The package that arrived one happy Monday morning! 
One of the books I read recently was Outlaws of Time by N.D. Wilson. A brilliant piece of work, but no surprise there. Full of vivid characters, and a striking sense of place. You feel the scorching sun, and hear a rasping voice over your shoulder, sense the bond of true comradeship at your elbow. All these things Wilson has done time and again in his 100 Cupboards series and Ashtown Burials. His writing is drenched in the glory and magic of the universe, ringing with truth and decision, hardships and bubbling joy. As always it is a strong story of good versus evil, and of making your stand, not because you know you will win, but because it is the right thing to do.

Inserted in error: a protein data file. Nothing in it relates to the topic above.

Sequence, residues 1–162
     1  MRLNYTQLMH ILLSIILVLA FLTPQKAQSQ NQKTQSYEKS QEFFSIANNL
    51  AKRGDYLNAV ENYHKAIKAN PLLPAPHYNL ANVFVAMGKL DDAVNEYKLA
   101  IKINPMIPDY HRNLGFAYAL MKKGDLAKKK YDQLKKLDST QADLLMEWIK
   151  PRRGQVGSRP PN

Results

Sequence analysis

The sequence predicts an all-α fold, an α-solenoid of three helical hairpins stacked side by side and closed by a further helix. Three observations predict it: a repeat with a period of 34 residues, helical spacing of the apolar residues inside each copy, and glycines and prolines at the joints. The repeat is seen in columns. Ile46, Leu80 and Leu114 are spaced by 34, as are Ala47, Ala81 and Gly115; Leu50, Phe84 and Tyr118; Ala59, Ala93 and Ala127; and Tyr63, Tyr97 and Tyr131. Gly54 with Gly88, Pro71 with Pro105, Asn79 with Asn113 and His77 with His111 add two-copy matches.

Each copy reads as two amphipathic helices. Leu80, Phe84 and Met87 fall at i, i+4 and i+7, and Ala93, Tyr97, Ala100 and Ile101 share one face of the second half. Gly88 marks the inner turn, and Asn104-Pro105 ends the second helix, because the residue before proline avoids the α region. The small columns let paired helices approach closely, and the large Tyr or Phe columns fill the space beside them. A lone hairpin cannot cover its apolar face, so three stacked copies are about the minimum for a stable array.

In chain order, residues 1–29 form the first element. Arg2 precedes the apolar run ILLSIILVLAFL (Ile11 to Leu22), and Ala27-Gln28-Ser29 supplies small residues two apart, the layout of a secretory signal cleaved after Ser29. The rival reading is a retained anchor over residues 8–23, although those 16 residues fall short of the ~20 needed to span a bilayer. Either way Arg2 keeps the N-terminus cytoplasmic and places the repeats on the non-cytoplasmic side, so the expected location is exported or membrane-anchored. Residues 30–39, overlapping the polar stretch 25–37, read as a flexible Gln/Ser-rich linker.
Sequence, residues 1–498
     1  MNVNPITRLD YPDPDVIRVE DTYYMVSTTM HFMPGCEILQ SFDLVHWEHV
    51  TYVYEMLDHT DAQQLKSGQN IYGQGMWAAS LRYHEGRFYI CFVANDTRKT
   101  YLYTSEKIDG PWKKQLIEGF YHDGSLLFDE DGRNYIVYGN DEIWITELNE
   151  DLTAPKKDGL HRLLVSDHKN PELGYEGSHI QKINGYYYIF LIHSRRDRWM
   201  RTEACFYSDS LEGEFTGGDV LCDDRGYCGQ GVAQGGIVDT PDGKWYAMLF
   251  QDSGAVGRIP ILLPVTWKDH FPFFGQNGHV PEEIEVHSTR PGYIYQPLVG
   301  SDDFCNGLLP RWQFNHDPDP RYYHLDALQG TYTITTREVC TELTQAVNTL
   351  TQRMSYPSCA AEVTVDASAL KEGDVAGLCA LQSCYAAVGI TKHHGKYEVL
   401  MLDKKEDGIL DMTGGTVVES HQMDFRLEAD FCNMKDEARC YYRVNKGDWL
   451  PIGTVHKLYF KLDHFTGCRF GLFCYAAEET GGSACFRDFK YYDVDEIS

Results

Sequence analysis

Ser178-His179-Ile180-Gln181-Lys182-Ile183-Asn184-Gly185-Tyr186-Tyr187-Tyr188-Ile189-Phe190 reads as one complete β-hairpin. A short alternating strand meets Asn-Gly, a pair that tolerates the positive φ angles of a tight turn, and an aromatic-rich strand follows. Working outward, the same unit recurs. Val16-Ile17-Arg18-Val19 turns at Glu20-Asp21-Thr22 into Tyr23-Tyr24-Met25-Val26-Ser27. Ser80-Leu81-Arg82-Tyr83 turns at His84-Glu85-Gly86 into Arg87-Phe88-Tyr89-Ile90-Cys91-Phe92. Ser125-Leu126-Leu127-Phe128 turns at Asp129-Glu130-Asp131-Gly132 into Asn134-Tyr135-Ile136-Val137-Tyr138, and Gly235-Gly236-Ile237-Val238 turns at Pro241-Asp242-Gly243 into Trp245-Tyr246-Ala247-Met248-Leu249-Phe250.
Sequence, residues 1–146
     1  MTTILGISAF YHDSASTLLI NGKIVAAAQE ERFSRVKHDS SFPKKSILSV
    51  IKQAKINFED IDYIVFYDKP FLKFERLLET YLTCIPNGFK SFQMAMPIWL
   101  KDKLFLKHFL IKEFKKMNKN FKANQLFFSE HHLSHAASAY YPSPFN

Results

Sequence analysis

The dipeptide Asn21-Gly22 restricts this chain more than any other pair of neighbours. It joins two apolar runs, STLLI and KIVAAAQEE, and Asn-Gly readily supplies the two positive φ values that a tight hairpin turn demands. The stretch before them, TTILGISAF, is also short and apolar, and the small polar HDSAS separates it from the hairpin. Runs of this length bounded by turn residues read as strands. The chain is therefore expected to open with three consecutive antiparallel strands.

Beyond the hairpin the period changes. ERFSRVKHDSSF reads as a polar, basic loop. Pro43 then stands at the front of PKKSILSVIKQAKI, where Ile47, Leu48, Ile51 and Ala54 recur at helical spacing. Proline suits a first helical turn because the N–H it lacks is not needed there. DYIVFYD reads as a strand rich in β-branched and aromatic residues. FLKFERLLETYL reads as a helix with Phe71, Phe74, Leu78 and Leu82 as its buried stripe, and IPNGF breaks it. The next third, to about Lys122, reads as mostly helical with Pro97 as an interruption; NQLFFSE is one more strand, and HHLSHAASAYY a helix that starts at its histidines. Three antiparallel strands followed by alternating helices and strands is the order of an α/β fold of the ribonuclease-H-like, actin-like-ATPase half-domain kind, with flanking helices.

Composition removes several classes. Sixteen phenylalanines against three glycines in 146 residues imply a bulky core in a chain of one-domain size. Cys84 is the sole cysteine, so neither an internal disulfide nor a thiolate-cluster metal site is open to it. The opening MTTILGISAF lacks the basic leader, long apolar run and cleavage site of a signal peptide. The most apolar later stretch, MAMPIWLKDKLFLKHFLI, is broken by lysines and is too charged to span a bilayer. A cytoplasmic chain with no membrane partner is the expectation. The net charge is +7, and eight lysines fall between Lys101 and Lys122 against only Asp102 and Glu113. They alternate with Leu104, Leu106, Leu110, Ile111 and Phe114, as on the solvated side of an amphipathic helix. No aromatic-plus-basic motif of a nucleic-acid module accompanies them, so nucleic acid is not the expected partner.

The story follows Sam Miracle on an adventure filled with sacrifice and loss, change and responsibility, allies and enemies. He travels through time with a new friend, Glory, and across the wild west. He develops a strange, inseparable partnership with a couple of snakes, and meets Wyatt Earp, along with a few other unforgettable characters. Faced with the chance to save his sister, and possibly the whole rest of the world, Sam has to make hard decisions, not to mention overcome a great many difficulties in his path. It's a grand story, riddled with humor and filled with hope, as well as good old fashioned adventure.

And on a side-note, someone did a brilliant job with the making-into-book bit. The hardback is gorgeous--colors, texture, gold-stamped letters--the slipcover is soft and touchable, complete with raised lettering and intriguing illustrations. Right down to the blue and gold color scheme, this book is a treasure inside and out.